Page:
Can HRs be Transparent With Salaries?
An open compensation policy is worthwhile but comes with both pros & cons
‘The contents of this letter are to be kept confidential’! This instruction often accompanies offer letters containing details of compensation package to new employees. Others are verbally advised by the HR to not disclose salary details to anyone. Most of us have often wondered what makes compensation of an ordinary employee such a matter of secrecy. Yet, this is more of a norm rather than exception in our corporate world where salary offers and appraisals are usually made after intense negotiations. There has been a growing debate in the industry in recent years as to whether this policy of keeping salaries confidential should be jettisoned in favor of an open compensation system under which there is clearly defined pay scale with transparency. However, very few organizations have adopted this practice. While some managers argue in favor of an open compensation practice, others are of the opinion that it would create a lot of difficulties within organizations, and necessitate a lot of explaining.
The case for open compensation policy
Like everything transparent, an open compensation practice comes with a lot of benefits, including raising the ethical standards of an organization and thereby attracting the most talented workforce to its folds. There is no doubt about the fact that clearly defined compensation guidelines interest job hunters and attract talent. When an organization clearly lays down a salary range, it eliminates the apprehension of not being compensated fairly, does away with the need for tedious negotiation and makes the process of recruitment more efficient. Not only does it improve recruitment process, an open compensation practice and clearly defined logics for the same is the foundation of a highly satisfied workforce.
By specifically sharing how much an employee is paid and why they are paid so, you also delineate clearly the factors the management is taking into account to determine the worth of an employee. With the logics related to compensation & performance clearly stated, comparison and complaints of discrimination take a backseat especially where people are paid differently for similar jobs. This is likely to boost productivity by inducing positive competition and eliminating negative vibes.
However, it is not all easy to have an open compensation system which can be tricky to implement and needs to be handled with a lot of maturity.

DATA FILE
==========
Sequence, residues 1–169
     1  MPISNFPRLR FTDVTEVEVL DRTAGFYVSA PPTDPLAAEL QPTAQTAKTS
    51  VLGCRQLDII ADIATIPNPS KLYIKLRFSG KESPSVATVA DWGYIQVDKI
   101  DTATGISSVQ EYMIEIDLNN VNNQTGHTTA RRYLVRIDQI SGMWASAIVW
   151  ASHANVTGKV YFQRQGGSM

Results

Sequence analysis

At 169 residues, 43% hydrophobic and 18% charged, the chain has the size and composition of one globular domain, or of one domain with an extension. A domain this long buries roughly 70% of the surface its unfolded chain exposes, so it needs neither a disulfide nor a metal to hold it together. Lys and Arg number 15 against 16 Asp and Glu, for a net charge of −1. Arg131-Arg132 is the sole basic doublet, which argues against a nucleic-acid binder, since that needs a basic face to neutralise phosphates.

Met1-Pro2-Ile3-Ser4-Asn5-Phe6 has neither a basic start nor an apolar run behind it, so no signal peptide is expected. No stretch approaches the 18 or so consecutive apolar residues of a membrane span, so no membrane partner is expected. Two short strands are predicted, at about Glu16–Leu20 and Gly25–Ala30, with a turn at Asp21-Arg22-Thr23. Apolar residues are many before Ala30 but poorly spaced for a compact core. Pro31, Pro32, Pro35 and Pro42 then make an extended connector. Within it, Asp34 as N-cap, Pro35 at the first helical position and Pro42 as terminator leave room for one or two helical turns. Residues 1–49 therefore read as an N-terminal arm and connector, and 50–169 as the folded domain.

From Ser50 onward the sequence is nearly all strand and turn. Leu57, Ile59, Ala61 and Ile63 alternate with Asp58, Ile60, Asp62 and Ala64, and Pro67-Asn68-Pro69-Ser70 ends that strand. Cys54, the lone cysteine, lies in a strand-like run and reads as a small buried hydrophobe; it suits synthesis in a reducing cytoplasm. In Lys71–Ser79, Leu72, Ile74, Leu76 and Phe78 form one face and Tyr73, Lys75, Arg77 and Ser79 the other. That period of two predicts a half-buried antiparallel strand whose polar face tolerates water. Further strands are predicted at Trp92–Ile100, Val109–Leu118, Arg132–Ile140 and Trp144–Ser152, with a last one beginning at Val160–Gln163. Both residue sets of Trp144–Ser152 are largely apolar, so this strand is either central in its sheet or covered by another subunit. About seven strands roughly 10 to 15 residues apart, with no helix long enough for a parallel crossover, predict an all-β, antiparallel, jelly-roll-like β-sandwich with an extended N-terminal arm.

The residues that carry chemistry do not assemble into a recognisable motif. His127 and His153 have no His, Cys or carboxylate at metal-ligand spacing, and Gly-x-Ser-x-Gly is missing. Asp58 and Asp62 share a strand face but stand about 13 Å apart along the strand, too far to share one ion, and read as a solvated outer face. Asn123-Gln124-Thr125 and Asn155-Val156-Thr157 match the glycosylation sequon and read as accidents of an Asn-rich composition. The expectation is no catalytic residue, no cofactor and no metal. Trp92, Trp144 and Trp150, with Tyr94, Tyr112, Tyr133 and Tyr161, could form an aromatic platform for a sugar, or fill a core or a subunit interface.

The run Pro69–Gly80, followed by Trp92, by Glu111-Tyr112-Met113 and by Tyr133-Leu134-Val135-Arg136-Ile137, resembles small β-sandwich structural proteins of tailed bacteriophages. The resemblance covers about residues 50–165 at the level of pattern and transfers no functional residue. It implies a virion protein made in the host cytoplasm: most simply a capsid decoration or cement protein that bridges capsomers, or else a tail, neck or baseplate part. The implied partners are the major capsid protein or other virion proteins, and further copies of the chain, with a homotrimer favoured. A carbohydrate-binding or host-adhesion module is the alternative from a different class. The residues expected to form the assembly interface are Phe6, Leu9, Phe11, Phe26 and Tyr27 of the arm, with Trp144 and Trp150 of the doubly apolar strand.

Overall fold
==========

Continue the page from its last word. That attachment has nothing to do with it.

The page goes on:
While it rings in many benefits, an open compensation practice is more suitable for larger organizations that boast of the best compensation packages in the industry. For the smaller and lower paying organizations, such a policy may even backfire if not handled appropriately since the salary comparisons not only happen within but also with industry peers. With a transparent system, smaller organizations may run the risk of repelling potential talent even before they apply or interview for a position. On a macroeconomic level, an open compensation system is more suited to mature markets like the US or Canada as it requires maturity on the part of both employees and employers. Indian industry which is less than three decades into liberalization might still need some time to adapt to such practices.
While open compensation policy can keep many employees motivated, it can also lead to dissatisfaction amongst many. Let’s elaborate this with an example. Rachna, a 27 year old employee of an advertising agency has been an outstanding worker ever since she started her career with the same organization 5 years back. Every appraisal, every feedback concludes her to be one of the most valuable employees of the organization. Yet, her salary ranks much lower than several of her peers who are at similar positions. Why? For the simple reason that she started at a low pay scale as a fresher and has risen within the organization, while several others were hired mid career from elsewhere, giving them a benefit of negotiating from a higher scale. Now, despite giving her decent raises, the managers find it hard to immediately and abruptly bridge the pay gap between her and some of her peers! The above mentioned example is a quite common phenomenon, and an open compensation package can wreck the confidence of many employees like Rachna. Many others might not be satisfied with the ‘why’ aspect of a differentiated salary, and may feel disenchanted.
So, if you are a large organization with among the best pay packages in the industry, go ahead and adopt an open compensation system. It would not only boost your organization’s image in the industry, it will act as a magnet for the most talented professionals. However, if you are a small or medium sized company, which doesn’t have the wherewithal to pay as per the best industry standards, it would be advisable for you to wait a few years before adopting an open system.
Rajeev Bhardwaj, who heads the Human Resource function at Sun Life Asia Service Centre, is a veteran in the field who has spent 25 years contributing to the HR policies of diverse organizations across sectors.
Over the years, Rajeev has been associated with a slew of global organizations such as ABB, Coca Cola, and Intel Technology, among others.